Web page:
Resource Library

COVID-19 Update: The John T. Gorman Foundation is curating a list of resources, emerging best practices, and innovative ideas from across the country to help local organizations serve vulnerable Mainers during the coronavirus outbreak. To access those resources, visit www.jtgfoundation.org/resources/covid-19 or enter Covid-19 in the keyword search. Those results can be further focused by using the “Filter by” menu above to filter by population type (Young Children, Older Youth, Families, and Seniors) or by clicking the following links: childcare, education, food security, housing, rural areas, and workforce.

The John T. Gorman Foundation strives to be data-driven and results based and seeks to promote information and ideas that advance greater understanding of issues related to our mission and priorities. In our effort to promote these values, we offer these research and best practice resources collected from reputable sources across the country. The library also includes briefs and reports the Foundation has commissioned or supported, a listing of which can be found here.

 

Rural COVID-19 cases and deaths are declining, although rural vaccination rates lag urban rates

April 27, 2021 – Families

For the week of April 18-24, rural new COVID-19 infection rates declined by almost 15 percent in rural (nonmetropolitan) counties. Similarly, the number of weekly rural deaths also fell by over 10 percent, reaching the lowest point since mid-July 2020. The weekly rate of new infections in rural areas was 97 per 100,000 residents, lower than the urban new infection rate of 127 per 100,000 residents. States with clusters of “red-zone” counties with high numbers of new infections include Michigan, Minnesota, Pennsylvania, southern New York, and New Hampshire. #covid-19 #rural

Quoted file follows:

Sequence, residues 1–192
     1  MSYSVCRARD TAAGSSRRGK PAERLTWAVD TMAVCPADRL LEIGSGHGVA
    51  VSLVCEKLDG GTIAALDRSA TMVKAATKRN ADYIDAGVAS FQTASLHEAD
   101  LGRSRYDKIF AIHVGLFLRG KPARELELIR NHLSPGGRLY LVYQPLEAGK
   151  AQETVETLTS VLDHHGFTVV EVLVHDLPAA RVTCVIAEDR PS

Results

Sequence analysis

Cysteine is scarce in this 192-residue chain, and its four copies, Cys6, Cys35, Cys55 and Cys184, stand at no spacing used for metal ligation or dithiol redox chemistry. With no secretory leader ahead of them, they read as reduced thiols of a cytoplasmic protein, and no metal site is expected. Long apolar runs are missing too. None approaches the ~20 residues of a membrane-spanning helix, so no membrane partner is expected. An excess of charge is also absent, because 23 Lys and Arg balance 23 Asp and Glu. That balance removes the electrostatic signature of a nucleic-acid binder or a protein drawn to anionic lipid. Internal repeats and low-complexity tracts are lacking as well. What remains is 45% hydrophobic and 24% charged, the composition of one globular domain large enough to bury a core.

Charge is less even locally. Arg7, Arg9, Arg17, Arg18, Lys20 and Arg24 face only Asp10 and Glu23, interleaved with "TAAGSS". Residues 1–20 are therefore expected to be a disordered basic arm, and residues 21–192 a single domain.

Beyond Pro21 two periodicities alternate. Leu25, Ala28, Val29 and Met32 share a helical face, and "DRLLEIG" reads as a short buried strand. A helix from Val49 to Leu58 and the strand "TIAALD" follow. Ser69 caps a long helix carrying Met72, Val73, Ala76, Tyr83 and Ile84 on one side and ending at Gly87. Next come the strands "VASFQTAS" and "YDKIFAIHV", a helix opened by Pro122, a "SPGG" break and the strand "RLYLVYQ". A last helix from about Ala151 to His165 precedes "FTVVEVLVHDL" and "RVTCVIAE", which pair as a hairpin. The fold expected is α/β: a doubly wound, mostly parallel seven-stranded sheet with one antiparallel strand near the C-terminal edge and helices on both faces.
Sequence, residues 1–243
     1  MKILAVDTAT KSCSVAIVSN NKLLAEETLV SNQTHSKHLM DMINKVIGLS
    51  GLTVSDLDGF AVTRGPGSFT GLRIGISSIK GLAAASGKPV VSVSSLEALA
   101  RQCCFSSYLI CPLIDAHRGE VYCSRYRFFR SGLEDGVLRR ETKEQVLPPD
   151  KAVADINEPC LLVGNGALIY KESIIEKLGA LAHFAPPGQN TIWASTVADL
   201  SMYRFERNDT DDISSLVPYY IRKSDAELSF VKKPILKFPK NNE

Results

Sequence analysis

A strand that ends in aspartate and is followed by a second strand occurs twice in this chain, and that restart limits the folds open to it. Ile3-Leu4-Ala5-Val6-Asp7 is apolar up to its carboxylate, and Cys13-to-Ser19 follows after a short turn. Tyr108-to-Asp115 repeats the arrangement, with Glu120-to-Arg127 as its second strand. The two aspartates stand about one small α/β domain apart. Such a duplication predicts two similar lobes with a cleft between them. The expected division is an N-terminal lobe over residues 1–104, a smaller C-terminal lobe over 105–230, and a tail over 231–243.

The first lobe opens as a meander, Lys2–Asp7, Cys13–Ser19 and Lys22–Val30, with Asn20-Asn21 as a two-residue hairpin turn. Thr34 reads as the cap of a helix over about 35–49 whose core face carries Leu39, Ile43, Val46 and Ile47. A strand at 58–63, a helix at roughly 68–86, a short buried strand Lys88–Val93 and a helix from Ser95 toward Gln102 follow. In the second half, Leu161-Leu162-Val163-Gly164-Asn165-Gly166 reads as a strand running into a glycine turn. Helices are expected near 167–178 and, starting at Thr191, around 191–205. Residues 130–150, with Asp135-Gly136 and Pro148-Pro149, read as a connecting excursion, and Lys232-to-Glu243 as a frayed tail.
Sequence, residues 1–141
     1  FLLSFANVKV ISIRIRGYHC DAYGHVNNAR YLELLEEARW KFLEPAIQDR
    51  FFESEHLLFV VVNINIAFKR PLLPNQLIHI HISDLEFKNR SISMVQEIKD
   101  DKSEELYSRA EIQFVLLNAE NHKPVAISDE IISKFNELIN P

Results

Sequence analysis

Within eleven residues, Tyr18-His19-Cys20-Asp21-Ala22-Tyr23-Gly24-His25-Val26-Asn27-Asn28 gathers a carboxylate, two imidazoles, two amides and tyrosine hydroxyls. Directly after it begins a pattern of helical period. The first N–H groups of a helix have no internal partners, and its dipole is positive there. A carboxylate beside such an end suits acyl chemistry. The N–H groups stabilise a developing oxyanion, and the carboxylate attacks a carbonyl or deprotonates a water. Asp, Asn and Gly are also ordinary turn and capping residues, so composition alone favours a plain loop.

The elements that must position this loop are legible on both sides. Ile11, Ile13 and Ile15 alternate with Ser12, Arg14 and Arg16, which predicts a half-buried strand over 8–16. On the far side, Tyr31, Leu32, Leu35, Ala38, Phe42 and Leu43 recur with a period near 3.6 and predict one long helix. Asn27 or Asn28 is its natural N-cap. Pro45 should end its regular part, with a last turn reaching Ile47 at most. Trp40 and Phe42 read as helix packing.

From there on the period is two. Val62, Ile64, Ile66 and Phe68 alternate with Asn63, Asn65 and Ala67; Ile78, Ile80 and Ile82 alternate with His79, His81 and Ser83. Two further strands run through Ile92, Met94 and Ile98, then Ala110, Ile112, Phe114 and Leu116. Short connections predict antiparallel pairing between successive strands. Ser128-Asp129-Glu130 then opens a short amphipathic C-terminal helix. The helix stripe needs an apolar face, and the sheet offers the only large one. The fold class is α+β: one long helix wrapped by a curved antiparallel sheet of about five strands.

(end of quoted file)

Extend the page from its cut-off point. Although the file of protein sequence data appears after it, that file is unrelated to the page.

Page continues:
92 percent of children living in rural Maine will benefit from Child Tax Credit expansion in American Rescue Plan

April 22, 2021 – Older Youth, Families

Included in the American Rescue Plan Act is a temporary expansion of both the Earned Income Tax Credit (EITC) and the Child Tax Credit (CTC). For the tax year 2021, these expansions raise the minimum EITC for childless workers from about $540 to about $1,500 and expanded the eligible age range to include both young adults ages 19-24 and adults 65 and over. The Center on Budget and Policy Priorities estimates that EITC expansion will benefit 21 percent of workers without children living in rural Maine (a total of 38,000 workers). Some key changes to the CTC include expanding it to reach families with low or no earnings, to count 17-year-olds as dependents, and to increase maximum credits to $3,600 for children under six (and $3,000 for those over 6). In rural Maine, an estimated 92 percent of children under 18 years old will benefit from CTC expansion. #covid-19 #rural #Maine